June 6, 2010
By Nell Irvin Painter W.W. Norton, 496 pp., $27.95. Reviewed by Alan Nadel 'Ocular proof' - Othello demanded but never received it from Iago, accepting instead the circumstantial evidence of a purloined handkerchief. Ironically, part of the play's tragedy is that Iago felt that he, not Othello, had incriminating visual evidence: the color of Othello's skin. In The History of White People , Nell Irvin Painter stunningly chronicles the logic of ocular proof that has rendered complexion a form of evidence inextricably linked to historically convenient notions of race.
April 4, 2008 |
Any director worth his/her tragic weight knows that in order to have a successful Othello, you have to pair him with an equally dynamic Iago. So if it makes your mouth water to hear that Lantern Theater's Charles McMahon has plucked two Philly favorites - Frank X and Peter Pryor - to fill the roles in the current production of Othello, you should also know you're in good company. The run was extended before the show even officially opened. Both actors have previously taken on Shakespeare at Lantern in Barrymore-worthy turns: X was nominated for the award for his portrayal of King Lear, and Pryor won it for his Richard III. So surprise, surprise, the pair tear up the stage like the pros they are. Pryor has a blast from his opening sneer to his final psychopathic chuckle, when ordered to behold the bloody mess he's caused.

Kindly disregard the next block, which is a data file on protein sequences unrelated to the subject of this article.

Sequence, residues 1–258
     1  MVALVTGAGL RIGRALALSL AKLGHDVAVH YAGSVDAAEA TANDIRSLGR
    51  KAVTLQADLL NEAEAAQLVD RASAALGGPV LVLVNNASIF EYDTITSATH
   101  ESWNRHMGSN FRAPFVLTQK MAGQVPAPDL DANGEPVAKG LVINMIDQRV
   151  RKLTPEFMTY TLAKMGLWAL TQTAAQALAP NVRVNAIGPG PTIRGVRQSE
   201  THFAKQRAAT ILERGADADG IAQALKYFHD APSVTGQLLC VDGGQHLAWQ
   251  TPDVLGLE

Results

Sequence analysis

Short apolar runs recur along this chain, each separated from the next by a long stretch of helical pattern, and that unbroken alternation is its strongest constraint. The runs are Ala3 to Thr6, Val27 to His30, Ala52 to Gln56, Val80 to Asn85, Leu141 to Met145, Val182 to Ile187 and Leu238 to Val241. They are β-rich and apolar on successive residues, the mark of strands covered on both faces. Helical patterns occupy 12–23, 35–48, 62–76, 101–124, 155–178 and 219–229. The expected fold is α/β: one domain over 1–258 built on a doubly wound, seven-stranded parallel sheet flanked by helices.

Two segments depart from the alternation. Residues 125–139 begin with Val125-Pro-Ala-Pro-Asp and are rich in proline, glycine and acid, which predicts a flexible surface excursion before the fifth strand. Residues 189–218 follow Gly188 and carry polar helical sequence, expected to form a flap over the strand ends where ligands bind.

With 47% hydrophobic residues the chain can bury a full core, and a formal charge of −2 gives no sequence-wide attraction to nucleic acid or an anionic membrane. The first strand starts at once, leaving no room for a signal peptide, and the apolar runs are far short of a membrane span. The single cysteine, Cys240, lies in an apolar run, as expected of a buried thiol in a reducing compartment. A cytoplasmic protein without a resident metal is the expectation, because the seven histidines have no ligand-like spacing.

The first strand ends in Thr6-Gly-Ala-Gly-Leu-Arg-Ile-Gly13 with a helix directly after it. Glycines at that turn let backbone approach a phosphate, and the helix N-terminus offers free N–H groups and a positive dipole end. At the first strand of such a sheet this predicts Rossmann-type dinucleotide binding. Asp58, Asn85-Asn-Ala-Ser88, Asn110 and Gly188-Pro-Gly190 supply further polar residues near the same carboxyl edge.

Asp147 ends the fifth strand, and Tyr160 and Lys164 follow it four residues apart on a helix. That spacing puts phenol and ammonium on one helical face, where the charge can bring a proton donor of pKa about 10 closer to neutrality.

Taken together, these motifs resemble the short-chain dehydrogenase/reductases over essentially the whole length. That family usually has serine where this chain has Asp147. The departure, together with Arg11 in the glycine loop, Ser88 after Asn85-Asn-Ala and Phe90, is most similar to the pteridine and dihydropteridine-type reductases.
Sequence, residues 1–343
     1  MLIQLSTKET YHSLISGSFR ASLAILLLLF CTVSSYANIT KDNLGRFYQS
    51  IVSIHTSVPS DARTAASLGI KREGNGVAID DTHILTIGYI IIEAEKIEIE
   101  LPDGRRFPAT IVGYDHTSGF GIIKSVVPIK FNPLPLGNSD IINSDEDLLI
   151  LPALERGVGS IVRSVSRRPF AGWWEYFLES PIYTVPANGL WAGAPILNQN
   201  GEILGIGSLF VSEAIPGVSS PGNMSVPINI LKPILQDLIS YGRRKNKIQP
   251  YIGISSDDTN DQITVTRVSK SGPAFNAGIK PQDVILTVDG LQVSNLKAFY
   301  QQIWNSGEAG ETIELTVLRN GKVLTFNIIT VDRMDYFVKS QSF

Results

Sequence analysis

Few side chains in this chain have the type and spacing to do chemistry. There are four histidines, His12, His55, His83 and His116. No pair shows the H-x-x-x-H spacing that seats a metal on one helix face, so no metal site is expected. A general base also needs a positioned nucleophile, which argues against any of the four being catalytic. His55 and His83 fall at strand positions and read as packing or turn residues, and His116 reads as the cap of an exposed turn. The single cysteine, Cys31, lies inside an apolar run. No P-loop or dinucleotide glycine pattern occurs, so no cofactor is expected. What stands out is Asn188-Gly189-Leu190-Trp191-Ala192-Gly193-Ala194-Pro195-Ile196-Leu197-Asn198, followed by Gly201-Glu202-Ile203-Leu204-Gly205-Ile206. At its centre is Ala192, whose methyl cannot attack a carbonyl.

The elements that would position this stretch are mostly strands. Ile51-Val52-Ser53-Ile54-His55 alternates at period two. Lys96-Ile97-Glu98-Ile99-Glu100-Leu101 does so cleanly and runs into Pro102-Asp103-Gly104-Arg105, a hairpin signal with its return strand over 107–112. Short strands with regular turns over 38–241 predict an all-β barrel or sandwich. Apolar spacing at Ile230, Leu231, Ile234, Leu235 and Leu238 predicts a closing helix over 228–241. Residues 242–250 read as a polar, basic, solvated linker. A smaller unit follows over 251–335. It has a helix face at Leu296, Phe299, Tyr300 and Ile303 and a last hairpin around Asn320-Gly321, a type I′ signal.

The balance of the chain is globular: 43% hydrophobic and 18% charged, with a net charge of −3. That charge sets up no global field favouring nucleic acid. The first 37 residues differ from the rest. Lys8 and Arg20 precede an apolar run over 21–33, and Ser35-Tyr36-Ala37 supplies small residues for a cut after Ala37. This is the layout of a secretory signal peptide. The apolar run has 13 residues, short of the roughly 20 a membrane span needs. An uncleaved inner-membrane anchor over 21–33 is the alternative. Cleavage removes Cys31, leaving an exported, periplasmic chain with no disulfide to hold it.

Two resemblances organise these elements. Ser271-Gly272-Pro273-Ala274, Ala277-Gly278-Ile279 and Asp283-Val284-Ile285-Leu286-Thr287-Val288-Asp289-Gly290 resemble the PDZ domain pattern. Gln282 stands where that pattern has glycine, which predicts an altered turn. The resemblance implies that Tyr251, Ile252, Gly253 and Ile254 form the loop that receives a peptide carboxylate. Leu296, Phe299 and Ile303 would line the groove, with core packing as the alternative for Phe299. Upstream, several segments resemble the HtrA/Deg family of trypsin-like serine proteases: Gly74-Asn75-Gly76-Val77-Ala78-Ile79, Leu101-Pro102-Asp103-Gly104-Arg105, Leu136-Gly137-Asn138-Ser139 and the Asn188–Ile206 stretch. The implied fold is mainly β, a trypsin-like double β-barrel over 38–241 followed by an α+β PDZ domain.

June 18, 2007 |
Shakespeare wrote The Winter's Tale as if it were two plays, grafted to one another in the last minutes, and that's just how Pennsylvania Shakespeare Festival's classy production comes off, moving through its moods like a smooth ocean wave. The dark first half is lit by Steve TenEyck in blue, and Rosemarie McKelvey's striking costumes on Bob Phillips' faux-marble stage carry that color through varying hues. The dizzy second half is yellow and orange. You sit there, pulled into the changing emotions by production's stagecraft as much as by the Bard, or the large, powerhouse cast.